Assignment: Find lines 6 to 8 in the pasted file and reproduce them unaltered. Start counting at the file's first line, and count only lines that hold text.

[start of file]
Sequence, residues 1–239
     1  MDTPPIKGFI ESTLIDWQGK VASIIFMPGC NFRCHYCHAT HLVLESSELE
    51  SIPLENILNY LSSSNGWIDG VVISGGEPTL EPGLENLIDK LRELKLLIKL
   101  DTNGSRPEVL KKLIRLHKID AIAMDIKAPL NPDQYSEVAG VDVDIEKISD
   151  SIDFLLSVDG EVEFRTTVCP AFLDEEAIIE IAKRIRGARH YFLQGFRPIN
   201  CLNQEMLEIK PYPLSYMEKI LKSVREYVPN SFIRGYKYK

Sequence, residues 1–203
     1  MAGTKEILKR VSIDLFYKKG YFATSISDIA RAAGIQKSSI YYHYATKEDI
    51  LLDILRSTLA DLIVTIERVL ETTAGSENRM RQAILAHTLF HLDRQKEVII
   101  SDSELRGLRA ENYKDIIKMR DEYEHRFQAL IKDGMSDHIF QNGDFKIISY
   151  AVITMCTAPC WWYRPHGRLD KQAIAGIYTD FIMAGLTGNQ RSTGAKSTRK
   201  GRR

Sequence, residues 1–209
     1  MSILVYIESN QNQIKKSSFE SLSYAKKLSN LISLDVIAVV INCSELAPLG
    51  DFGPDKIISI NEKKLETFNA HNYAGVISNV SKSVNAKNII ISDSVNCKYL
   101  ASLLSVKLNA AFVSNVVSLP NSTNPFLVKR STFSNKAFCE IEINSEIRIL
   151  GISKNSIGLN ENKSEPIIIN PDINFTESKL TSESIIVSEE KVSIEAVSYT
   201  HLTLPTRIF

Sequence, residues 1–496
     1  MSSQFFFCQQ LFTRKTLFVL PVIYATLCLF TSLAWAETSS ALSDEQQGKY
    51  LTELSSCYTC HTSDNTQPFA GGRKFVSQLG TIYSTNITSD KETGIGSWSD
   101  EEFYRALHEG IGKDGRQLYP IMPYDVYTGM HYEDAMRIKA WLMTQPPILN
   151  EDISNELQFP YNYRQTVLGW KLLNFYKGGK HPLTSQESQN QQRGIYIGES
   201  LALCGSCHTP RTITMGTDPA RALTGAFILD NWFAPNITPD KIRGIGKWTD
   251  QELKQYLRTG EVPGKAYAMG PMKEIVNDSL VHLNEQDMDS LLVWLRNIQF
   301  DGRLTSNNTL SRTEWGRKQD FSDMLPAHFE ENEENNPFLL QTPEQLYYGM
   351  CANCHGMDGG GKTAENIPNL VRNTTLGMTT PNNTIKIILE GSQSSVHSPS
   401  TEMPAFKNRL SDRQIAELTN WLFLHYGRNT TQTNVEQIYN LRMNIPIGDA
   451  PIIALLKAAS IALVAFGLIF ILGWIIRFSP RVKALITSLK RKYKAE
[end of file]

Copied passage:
   201  CLNQEMLEIK PYPLSYMEKI LKSVREYVPN SFIRGYKYK

Sequence, residues 1–203
     1  MAGTKEILKR VSIDLFYKKG YFATSISDIA RAAGIQKSSI YYHYATKEDI